Katerra bosses sunk company with “self-dealing”: Lawsuit

Execs allegedly spent funds on private jets, basketball games

ex-Katerra CEO Michael Marks (Getty Images)
ex-Katerra CEO Michael Marks (Getty Images)

While Katerra floundered, its executives diverted the firm’s business to their other companies and used its funds for private jet rides and basketball games, according to a new lawsuit.

The lawsuit, filed by Katerra and some of its creditors, accuses ousted CEO Michael Marks and others of “self-dealing and self-interested transactions.” The complaint points to Katerra building apartments for the Wolff Company at a low cost. Wolff was owned by Paxion Capital, a firm run by Katerra co-founders Marks, Jim Davidson and Fritz Wolff. Marks also allegedly “rubber-stamped” acquisitions of companies that benefited him or other executives, who in some cases owned stakes in the firms being acquired.

The complaint also accuses executives of using company money for personal perks, including a private box at Golden State Warriors games and rides on a private jet. In one case, the company paid $12,500 each month to lease a house for one of its senior executives, according to the lawsuit.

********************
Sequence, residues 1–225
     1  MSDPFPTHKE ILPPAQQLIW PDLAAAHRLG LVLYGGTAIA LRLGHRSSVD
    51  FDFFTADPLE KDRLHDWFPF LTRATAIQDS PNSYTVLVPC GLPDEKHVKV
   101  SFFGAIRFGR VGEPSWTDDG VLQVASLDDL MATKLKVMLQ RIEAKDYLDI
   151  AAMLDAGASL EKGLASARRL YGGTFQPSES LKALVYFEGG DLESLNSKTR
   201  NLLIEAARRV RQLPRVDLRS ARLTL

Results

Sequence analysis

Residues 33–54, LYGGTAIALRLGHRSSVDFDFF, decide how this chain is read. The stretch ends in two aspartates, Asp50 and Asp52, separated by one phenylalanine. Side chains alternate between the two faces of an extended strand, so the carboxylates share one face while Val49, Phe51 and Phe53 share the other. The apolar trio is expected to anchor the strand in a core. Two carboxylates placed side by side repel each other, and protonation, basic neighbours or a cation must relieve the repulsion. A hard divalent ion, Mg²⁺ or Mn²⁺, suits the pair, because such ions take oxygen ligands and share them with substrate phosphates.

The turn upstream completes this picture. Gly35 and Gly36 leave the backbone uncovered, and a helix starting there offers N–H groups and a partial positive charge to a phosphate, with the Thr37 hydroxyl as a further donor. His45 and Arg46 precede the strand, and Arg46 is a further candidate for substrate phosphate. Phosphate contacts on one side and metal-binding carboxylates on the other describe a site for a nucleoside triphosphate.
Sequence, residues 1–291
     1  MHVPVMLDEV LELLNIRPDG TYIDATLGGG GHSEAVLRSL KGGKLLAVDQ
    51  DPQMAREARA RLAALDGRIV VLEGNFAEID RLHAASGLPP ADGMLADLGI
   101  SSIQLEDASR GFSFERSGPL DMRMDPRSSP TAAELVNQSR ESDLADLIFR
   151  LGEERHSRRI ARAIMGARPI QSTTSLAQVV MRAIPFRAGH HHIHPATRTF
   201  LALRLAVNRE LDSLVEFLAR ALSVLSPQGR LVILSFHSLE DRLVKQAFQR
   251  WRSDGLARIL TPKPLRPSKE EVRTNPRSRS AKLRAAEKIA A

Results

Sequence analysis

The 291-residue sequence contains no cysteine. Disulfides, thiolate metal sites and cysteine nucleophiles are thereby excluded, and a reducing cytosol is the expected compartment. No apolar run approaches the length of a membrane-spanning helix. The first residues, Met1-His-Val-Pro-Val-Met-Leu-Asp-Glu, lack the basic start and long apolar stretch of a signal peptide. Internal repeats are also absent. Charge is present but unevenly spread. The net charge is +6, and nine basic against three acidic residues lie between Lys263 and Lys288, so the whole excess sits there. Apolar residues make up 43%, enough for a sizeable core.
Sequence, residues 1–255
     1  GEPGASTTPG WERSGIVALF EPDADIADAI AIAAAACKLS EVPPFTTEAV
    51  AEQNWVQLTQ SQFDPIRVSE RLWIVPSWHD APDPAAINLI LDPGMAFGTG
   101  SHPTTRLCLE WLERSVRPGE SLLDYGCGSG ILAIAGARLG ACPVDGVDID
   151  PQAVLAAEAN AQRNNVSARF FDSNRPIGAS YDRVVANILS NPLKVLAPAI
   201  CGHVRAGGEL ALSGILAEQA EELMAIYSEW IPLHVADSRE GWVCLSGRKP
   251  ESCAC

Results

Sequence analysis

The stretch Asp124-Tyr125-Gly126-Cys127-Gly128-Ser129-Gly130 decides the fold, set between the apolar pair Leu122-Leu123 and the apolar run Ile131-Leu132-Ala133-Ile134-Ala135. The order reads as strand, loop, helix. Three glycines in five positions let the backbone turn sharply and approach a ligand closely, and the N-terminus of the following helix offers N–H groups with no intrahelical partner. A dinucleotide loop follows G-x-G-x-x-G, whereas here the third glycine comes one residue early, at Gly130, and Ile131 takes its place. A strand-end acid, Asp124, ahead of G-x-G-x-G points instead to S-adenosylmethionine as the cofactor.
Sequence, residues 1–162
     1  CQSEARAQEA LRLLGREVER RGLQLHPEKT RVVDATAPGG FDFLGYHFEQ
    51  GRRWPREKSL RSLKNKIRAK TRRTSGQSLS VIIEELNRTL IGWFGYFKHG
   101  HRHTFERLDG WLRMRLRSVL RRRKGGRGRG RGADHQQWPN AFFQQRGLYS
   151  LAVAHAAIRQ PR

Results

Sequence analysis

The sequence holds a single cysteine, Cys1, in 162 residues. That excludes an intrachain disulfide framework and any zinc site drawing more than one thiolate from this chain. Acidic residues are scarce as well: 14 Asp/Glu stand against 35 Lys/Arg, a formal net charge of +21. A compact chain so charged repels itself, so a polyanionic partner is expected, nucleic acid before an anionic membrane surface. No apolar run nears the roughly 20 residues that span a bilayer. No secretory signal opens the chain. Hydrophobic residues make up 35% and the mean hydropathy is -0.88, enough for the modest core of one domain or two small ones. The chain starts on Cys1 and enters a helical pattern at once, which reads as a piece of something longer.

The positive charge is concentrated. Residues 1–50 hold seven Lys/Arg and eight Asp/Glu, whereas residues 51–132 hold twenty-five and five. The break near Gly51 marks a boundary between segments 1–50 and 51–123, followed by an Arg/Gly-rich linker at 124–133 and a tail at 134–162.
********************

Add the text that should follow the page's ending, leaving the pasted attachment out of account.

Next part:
A spokesperson for Marks told The Information that the lawsuit contains several inaccuracies and that the former CEO is “confident in our case against these meritless claims — demonstrating that Michael always acted in the best interest of the company and left the company in July 2020 with a clear plan for success.” The Information first reported the lawsuit.

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The Real Deal previously highlighted some of the founders’ business arrangements, including those involving Paxion and investment fund Kandle, and how they potentially raised conflict of interest concerns akin to those that ensnared another SoftBank-backed company, WeWork.

Katerra filed for bankruptcy last year, following a meteoric rise fueled in part by nearly $2 billion from SoftBank. The company launched in 2015, billing itself as a tech-first construction management firm. It opened its own factories to manufacture innovative building materials — such as cross-laminated timber and modular building components — and rapidly acquired more than 20 other companies.

But the firm was plagued by cost overruns, allegations of construction defects, factory closures and changes in leadership. Despite repeated public assurances from executives that profitability was around the corner, Katerra hemorrhaged capital and filed for Chapter 11 protection in June 2021.

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[The Information] — Kathryn Brenzel